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The Internet asked, ‘Is it Macau or Macao?’ and we answered

The conventional wisdom says that ‘Macau’ is the Portuguese spelling, while ‘Macao’ is the English spelling, but the answer isn’t as clear-cut as you think.

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The conventional wisdom says that ‘Macau’ is the Portuguese spelling, while ‘Macao’ is the English spelling, but the answer isn’t as clear-cut as you think.

ARTICLE BY

PUBLISHED

READING TIME

Less than 1 minute Minutes

You don’t need to inhabit parallel universes to see Macao’s name officially spelt in two different ways – either with an  “o” or a  “‘u.”

The online portal of the Macao government (spelling Macao with an  “o”) uses the “u” spelling for sites entitled “City Guide of Macau” and “Nature of Macau” then reverts back to the “o” spelling for “Macao Gastronomy” and “Macao Travel Talk.”

It’s the Macau Maritime Museum but the Macao Cultural Centre. Macau International Airport and Air Macau take the “u” spelling, but ‘o’ is preferred by the Monetary Authority of Macao and Macao Post. The University of Macau went with a “u” but Macao Polytechnic University chose “o.” No wonder there’s such widespread confusion.

Macao is by no means unique when it comes to places whose name can be spelt in multiple ways. The German city of München is known as Minga in Bavarian and, of course, Munich in English. The capital of the Indian state of Maharashtra reverted to its original name of Mumbai in 1995, but many still prefer to call it Bombay in spite of the colonial connotations.

[See more: The Internet asked, ‘What is Macao chicken?’ and we answered]

But what makes Macao, or Macau, unusual is the sheer proliferation of the two spellings and the lack of agreement on them – even within the government itself. 

The popular explanation for the divergent spelling is that the ‘u’ spelling is Portuguese, whereas the ‘o’ ending is English – and indeed many organisations with Macao in their names will vary the spelling according to which language they are using. But University of Macau sociolinguistics expert Andrew Moody says this belief is inaccurate and belongs to the realm of “folk beliefs about language.” He notes that “both variants were used in both languages simultaneously.” Indeed, the two spellings can be found in Portuguese and English historical documents from as far back as the sixteenth and seventeenth century respectively.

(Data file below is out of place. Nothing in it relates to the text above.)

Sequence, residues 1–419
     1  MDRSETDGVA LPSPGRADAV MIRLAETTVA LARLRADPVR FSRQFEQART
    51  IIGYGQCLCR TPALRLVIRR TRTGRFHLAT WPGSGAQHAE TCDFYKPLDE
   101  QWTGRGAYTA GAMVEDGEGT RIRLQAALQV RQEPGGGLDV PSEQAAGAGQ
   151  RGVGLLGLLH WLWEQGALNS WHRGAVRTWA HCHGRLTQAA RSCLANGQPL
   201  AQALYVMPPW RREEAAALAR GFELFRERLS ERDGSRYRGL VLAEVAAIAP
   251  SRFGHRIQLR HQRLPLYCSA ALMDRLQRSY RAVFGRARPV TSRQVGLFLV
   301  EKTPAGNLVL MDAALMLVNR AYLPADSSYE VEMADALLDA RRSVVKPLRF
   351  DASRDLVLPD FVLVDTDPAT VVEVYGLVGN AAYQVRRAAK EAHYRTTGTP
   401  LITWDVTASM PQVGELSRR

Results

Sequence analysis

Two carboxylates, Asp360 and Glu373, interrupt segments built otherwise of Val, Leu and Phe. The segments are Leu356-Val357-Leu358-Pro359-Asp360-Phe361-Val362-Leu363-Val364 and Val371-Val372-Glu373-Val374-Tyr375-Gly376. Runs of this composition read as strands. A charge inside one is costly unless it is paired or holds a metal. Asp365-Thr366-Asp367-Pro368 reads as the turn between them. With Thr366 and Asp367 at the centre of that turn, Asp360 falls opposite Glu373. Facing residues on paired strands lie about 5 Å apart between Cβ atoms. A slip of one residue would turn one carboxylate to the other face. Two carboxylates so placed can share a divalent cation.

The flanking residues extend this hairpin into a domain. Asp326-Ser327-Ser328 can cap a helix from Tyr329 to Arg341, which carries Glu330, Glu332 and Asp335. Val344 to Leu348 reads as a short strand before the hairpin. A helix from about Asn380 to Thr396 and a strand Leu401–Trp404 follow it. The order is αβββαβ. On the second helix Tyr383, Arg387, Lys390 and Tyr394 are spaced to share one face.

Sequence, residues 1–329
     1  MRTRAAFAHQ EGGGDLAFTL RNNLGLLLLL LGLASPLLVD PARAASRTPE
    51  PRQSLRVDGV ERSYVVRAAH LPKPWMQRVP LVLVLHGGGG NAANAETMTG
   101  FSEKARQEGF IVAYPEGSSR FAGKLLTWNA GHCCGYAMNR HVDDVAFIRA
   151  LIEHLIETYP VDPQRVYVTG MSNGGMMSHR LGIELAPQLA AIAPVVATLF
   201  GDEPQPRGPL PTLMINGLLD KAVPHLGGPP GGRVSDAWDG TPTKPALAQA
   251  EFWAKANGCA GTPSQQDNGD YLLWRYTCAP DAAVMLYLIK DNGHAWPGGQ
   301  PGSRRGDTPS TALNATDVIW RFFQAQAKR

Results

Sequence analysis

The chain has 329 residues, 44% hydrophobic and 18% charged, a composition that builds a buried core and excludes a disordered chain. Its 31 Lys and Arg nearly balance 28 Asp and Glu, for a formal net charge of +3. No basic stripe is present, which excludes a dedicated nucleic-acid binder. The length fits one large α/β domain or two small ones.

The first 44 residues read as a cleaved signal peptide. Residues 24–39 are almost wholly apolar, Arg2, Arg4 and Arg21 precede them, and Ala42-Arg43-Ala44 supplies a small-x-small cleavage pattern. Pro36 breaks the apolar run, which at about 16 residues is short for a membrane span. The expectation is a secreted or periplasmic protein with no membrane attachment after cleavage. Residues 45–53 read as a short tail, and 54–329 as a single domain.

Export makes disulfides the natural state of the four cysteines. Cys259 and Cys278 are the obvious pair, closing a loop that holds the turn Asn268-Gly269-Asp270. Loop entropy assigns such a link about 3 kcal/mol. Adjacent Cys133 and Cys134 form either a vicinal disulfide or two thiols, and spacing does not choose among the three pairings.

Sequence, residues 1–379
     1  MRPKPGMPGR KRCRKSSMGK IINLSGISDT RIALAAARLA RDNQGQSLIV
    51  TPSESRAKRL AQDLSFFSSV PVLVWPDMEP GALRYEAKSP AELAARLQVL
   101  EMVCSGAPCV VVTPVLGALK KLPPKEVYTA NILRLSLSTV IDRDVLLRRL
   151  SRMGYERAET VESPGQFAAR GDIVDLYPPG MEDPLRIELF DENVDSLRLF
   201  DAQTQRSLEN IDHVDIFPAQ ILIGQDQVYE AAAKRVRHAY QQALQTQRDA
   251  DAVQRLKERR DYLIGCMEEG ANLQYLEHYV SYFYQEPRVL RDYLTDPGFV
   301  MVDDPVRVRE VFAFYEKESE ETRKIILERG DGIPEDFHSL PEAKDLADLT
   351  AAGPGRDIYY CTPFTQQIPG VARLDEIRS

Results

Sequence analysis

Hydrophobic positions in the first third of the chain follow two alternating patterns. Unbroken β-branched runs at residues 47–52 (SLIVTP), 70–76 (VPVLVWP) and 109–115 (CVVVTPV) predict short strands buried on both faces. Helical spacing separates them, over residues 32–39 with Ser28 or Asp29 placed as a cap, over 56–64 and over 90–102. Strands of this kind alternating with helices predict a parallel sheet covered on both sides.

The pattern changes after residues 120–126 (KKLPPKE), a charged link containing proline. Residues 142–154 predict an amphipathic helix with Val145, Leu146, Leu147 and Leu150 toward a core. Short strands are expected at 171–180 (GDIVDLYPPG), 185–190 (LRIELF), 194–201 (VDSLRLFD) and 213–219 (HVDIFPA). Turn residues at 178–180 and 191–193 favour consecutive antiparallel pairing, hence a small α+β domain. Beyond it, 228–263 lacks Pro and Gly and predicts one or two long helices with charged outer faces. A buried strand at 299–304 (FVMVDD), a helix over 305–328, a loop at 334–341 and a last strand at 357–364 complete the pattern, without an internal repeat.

“There has been a lot of speculation about where the name Macau [or] Macao comes from,” Moody says. “To my knowledge, there is no definitive answer.” 

The Portuguese first arrived in the territory in the 16th century. Upon disembarking in the A-Ma temple area, legend says, they asked the locals for the name of the place. The answer they were given is the subject of intense academic debate, with some scholars suggesting that it was aa maa gong (阿媽港), maa gok (媽閣) or paak hau (泊口). There’s even a suggestion that it was actually a Cantonese profanity

Regardless of whichever word, or term of abuse, was used, the legend holds that the Portuguese mistook it for the name of the entire territory and ended up transliterating it into “Amagao,” as well as its other variants. Over time, the name underwent changes, morphing into both “Macao” and “Macau.” 

The truth is open to debate. However, what such stories demonstrate is the richness of Macao’s linguistic environment. As Moody notes, “There are (and have been for a very long time) a number of different languages spoken in Macau. These languages form a collective ecology and each language variety has a potential influence on the other varieties.” 

[See more: The Internet asked ‘What is Macao’s currency?’ and we answered]

One clear example of this is the now endangered Macanese patúa, which is an amalgamation of various languages including Portuguese, Cantonese and Malay. Even the names of buildings in Macao illustrate the city’s linguistic diversity: “Edifício Chun Hung Garden,” for example, combines Portuguese, Cantonese and English words in one name. 

While the origin of the two spellings remains unclear, there still remains the question of whether one form is more favoured compared to the other. When making a Google search, the “u” spelling yields significantly more results than its “o” counterpart. The local government seems to have had a historical preference for the “u” spelling but today officially accepts both variants.The central government refers to the city in English with the “o” spelling – possibly, Moody speculates, because the city is “assigned .mo” as an Internet top-level domain. The EU and WTO use Macao but the UN has adopted both Macao and Macau.

Regardless of the spelling of Macao (or Macau) you choose, neither one is ultimately more correct than the other. Both are equally valid, historically and linguistically. If anything, their coexistence is a sign of the city’s famous plurality and enjoyment of life. Not everything needs to be followed to the letter.

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